In the court of Travancore king Marthanda Varma (1706–1758) and his successor Dharma Raja Kartika Tirunal Rama Varma, there flourished a number of poets distinguished in several ways. Ramapurathu Warrier (1703–1753), the author of Kuchela Vrittam Vanchippattu, was one of them. The Vanchippattu or Boat song is a poetic form of folk origin composed entirely in the Dravidian metre nathonnata. Kunchan Nambiar (1705–1770), the founder of Thullal and its rich literature, is often considered as the master of Malayalam satirist poetry. Born in Killikkurussimangalam, he spent his boyhood at Kudamalur and youth at Ambalappuzha. 1748 he moved to the court of Marthanda Varma and later to the court of his successor Dharma Raja. The word "Thullal" literally means "dance", but under this name Nambiar devised a new style of verse narration with a little background music and dance-like swinging movement to wean the people away from the Chakkiyar Koothu, which was the art form popular till then. He used pure Malayalam as opposed to the stylised and Sanskritised Malayalam language of Chakkiyar Koothu. He also adopted many elements from Padayani and Kolam Thullal and certain other local folk arts. There are three kinds of Tullal distinguished on the basis of the performer's costume and the style of rendering, viz., Ottan, Sitankan and Parayan. Dravidian metres are used throughout although there is a quatrain in a Sanskrit metre.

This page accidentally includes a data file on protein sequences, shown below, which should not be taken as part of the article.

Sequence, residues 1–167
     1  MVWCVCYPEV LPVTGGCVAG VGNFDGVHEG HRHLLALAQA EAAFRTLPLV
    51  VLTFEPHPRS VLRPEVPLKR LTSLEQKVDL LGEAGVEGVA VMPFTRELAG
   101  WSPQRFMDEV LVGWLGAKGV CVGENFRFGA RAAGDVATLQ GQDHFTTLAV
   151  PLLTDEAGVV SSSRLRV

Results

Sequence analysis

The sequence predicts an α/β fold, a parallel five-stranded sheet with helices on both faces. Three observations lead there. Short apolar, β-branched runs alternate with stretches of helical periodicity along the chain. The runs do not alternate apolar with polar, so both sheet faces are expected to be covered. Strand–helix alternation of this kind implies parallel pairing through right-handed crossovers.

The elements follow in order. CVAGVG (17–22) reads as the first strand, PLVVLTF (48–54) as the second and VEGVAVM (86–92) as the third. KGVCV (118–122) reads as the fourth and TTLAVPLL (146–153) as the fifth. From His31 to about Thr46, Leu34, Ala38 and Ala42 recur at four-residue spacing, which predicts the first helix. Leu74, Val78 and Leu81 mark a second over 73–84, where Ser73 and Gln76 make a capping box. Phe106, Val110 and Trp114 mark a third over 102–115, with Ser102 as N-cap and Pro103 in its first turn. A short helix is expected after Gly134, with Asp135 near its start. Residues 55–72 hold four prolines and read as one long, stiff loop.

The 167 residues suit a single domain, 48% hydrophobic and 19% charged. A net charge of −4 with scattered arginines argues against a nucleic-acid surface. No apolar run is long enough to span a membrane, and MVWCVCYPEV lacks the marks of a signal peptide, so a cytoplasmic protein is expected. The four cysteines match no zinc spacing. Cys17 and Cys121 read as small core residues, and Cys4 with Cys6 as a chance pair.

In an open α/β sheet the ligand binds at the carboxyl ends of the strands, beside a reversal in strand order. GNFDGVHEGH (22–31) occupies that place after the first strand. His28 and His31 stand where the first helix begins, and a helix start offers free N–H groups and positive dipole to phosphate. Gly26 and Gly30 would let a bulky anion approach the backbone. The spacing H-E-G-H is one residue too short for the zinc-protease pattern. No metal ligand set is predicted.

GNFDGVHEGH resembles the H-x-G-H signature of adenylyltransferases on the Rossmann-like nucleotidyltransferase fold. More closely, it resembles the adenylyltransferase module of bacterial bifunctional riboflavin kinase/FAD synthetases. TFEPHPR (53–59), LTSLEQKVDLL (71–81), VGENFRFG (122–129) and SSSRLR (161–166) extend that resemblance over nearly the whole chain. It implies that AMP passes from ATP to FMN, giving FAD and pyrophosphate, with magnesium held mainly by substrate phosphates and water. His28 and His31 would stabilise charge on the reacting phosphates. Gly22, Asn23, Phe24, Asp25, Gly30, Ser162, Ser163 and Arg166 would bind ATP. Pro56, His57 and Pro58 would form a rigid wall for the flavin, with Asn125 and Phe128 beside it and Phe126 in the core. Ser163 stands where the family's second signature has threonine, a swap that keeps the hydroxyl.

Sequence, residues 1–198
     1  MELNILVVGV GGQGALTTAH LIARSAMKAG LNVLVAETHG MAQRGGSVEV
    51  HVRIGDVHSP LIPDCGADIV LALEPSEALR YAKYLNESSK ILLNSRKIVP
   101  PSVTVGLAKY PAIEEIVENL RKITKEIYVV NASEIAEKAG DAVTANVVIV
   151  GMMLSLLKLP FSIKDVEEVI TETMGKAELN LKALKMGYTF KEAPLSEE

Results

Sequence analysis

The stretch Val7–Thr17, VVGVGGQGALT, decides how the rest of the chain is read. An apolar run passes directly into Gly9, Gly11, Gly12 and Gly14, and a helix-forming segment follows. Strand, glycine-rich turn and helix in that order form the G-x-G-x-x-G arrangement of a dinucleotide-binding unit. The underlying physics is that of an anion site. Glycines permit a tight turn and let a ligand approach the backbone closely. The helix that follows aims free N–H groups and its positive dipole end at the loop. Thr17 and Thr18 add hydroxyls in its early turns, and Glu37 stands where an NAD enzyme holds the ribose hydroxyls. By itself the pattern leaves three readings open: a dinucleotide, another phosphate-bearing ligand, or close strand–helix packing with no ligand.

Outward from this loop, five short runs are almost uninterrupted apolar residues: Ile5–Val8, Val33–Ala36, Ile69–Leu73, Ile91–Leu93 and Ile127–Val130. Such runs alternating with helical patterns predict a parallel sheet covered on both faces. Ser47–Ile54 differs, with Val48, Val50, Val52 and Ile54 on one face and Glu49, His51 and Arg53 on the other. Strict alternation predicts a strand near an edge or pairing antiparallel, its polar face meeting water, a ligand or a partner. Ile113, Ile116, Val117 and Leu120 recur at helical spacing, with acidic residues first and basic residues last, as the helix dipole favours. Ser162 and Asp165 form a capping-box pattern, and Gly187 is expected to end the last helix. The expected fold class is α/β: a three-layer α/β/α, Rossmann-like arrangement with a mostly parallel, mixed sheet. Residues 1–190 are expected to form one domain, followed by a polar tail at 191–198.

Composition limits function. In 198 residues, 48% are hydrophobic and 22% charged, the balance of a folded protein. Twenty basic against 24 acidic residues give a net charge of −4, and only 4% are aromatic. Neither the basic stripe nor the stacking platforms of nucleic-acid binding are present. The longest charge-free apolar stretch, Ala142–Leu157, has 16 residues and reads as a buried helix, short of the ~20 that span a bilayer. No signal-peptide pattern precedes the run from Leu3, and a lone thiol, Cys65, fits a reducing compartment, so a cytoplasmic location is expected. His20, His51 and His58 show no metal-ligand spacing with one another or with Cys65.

There was a great lull in the field of literary creation in Malayalam for nearly a century after the death of Kunchan Nambiar. There was however a consistent and steady development of prose at this time. The evolution of prose literature in the early centuries was a very slow process. In the wake of Bhashakautaliyam several translations began to appear in the fifteenth and sixteenth centuries. The prose of Attaprakarams was meant to aid the Chakiyars in learning the art of Koodiyattom. Doothavakyam (14th century CE) is one of the earliest of these works. 15th century Malayalam prose is represented by Brahmanda Puranam, a summary of the original in Sanskrit. A large number of prose works appeared during this period, most of which are either narrative based on puranas and religious works in Sanskrit or commentaries on similar works. With the starting of the first printing presses in the 16th century by Christian missionaries, prose literature received a great boost. Several regional versions of Keralolpathi, tracing the beginnings of Kerala history, began to appear in the 18th century. Paremmakkal Thoma Kathanar (1737–1799) wrote the first travelogue in Malayalam, Varthamanapustakam (Book of News). The works of Christian missionaries like Arnos Patiri (Johann Ernst Hanxleden), 1699–1732) and Paulinose Patiri (John Philip Wesdin, 1748–1806) also led to a widening of the range of topics and themes in Malayalam literature.